Vol. 17, No. 16 – May 1 – May 14, 2024 – A View from House Seats

by Shirley Lorraine

A different viewpoint on death and humor

Few comedies open with a beating and a hanging. The Santa Paula Theater Center’s “Hangmen” by Irishman Martin McDonagh does. From there the comedy is in the hands and ears of the receivers (you, the audience).

Nominated for four Tony awards and recipient of a Laurence Olivier Award in 2003, the play takes on human foibles and the urge to compete, even in areas where competition is uncommon.

The Irish satire is set in 1965, in an old pub owned and operated by Harry, (Richard Kuhlman) well known as the second-best hangman in the country. The death penalty has just been abolished in the United Kingdom and poor Harry is now out of a job. Still, he competes for bragging rights with Pierrepoint (John Webber), acknowledged as the number one hangman. Harry’s cronies (Bill Walthall, Scot Blanchard and Donnie Stroud) solidly back him up, but only as far as a pack of drunken sods who are continually provided with pints of drink can do.

A young, inexperienced journalist (Eric Umali) meets with Harry to get his side of the story. How does he feel being out of a job? While Harry maintains he will not comment, eventually he does, and then some.

Harry’s wife Alice (Jolyn Johnson) and teen daughter Shirley (Emily Redman Hall) do most of the bar duty. Jeff Ham makes appearances as several characters.

Harry’s assistant, Syd (Derek Petropolis), would love to take Harry’s attitude of superiority down a peg and plots with Mooney (James James), a connivingly menacing stranger. Mooney’s actual intent is unclear. Insisting he is menacing, not creepy, Mooney intrigues Shirley into meeting him elsewhere, whereupon she disappears for a period, causing Harry and Alice a great deal of angst. Mooney ultimately taunts the group into placing him in a noose which turns deadly as the group attempts to hide this action from the inspectors.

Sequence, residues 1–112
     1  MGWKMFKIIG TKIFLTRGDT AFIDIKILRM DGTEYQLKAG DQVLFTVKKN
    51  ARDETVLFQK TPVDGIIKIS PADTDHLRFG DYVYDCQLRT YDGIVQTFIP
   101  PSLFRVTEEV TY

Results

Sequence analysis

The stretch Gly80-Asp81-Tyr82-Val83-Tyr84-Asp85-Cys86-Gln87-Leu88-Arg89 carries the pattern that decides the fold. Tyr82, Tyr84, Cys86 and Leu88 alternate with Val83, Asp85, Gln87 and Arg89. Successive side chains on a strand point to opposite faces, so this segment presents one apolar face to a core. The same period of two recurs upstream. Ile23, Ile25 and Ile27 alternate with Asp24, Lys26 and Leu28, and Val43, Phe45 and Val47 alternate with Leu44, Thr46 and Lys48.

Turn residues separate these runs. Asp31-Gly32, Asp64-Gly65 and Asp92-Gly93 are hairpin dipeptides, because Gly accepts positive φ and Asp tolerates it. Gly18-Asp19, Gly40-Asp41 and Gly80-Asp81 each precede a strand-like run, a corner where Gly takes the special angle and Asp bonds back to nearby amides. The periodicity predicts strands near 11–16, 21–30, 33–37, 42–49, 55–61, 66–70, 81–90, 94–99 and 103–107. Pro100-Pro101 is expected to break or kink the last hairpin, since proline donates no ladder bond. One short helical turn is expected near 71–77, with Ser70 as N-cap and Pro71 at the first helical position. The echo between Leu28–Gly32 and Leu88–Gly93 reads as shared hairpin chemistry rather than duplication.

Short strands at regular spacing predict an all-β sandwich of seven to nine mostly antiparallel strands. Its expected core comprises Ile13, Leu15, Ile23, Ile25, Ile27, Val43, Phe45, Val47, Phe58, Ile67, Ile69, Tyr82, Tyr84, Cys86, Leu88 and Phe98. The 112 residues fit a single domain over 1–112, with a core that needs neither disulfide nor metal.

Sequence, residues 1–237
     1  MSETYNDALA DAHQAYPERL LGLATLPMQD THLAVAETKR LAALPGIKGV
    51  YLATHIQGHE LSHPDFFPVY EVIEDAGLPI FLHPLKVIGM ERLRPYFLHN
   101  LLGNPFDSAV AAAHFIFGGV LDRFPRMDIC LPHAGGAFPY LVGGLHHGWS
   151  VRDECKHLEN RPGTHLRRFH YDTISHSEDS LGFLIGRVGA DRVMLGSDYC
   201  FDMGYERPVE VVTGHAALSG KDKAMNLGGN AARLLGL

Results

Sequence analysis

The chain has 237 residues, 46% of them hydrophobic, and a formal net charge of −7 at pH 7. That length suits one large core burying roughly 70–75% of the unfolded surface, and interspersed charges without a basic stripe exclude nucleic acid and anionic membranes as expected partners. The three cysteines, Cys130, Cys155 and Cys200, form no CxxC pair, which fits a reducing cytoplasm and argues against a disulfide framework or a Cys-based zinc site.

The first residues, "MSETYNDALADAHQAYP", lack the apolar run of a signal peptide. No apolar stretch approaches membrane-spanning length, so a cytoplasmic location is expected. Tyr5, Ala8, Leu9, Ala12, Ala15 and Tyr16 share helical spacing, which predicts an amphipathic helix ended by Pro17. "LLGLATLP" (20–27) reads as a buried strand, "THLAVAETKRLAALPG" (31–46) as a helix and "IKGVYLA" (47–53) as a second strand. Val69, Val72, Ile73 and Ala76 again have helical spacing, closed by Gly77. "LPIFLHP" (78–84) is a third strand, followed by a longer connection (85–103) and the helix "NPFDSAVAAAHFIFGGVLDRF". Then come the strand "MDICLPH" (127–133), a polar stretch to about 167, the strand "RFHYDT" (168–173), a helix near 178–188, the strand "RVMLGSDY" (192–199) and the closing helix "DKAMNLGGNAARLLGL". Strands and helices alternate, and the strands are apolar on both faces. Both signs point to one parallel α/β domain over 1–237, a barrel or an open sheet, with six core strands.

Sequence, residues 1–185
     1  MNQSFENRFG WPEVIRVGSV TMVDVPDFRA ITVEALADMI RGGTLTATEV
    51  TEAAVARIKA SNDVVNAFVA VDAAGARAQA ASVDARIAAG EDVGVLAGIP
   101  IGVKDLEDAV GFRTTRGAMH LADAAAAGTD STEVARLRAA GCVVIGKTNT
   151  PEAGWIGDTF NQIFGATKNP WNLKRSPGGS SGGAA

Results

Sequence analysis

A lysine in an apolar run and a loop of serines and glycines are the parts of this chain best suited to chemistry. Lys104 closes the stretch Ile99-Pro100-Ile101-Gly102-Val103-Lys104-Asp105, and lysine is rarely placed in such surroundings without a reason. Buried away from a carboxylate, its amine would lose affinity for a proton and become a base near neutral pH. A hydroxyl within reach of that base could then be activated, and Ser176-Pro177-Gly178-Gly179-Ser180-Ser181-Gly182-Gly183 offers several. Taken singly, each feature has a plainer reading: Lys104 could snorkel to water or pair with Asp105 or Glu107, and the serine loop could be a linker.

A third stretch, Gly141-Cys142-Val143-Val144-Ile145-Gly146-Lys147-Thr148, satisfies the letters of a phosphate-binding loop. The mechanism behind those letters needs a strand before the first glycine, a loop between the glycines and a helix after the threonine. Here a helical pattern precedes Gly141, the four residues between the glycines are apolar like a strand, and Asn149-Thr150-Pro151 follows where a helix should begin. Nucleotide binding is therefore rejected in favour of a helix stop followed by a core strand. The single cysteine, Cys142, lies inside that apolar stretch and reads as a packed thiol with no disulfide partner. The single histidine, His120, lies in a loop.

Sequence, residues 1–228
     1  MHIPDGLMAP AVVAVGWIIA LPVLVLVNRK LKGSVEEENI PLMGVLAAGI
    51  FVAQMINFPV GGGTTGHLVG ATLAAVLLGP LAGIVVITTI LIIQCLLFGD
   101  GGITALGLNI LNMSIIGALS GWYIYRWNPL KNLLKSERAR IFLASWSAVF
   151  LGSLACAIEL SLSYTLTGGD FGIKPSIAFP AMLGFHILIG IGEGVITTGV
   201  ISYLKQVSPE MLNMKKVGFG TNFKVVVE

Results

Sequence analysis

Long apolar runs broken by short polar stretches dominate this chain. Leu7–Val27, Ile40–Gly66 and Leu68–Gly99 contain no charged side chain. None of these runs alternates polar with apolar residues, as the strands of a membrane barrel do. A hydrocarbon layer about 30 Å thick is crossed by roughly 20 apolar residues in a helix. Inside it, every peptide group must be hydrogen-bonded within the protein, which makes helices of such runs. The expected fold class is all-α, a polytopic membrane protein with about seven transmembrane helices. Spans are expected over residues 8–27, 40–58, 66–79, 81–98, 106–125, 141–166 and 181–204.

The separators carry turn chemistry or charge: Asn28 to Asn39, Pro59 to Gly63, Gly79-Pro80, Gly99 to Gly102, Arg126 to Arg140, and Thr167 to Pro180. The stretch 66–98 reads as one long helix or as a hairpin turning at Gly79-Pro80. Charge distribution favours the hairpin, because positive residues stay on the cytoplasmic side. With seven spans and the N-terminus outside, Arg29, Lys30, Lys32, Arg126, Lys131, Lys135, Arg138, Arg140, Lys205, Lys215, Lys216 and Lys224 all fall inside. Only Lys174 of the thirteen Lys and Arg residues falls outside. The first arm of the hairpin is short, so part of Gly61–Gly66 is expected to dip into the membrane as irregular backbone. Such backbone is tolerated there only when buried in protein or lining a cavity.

The highly competent cast carries off their well-rehearsed Irish accents beautifully. So well, in fact, that the accents, combined with unfamiliar Brit-speak language, created a challenge (for me, at least) to follow and find the humor. Credit is given to Erin De Horta as dialect coach.

The detailed interior pub set is impressive. Two 1960’s clothed dancers (presumably a directorial addition) assist with minor scene changes, providing a tinge of the aura of the era. The dancers are Martha Benevides and Keke Navarro.

Artistic Director Jessi May Stevenson has assembled a cast of talents who perform admirably. Action is tight and natural.

While the play may have fared well in the United Kingdom, I personally did not find it to be the comedy I’d hoped for in this “all comedy” SPTC season. Brit humor can be an acquired taste. There was sporadic laughter at specific well-timed lines, However, the underlying premise is one that is not inherently funny, in my opinion. Perhaps I just needed a pint or two.

Hangmen continues through May 12, Fridays and Saturdays at 8 p.m. and Sundays at 2:30 p.m. www.santapaulatheatercenter.org or (805)525-4645.

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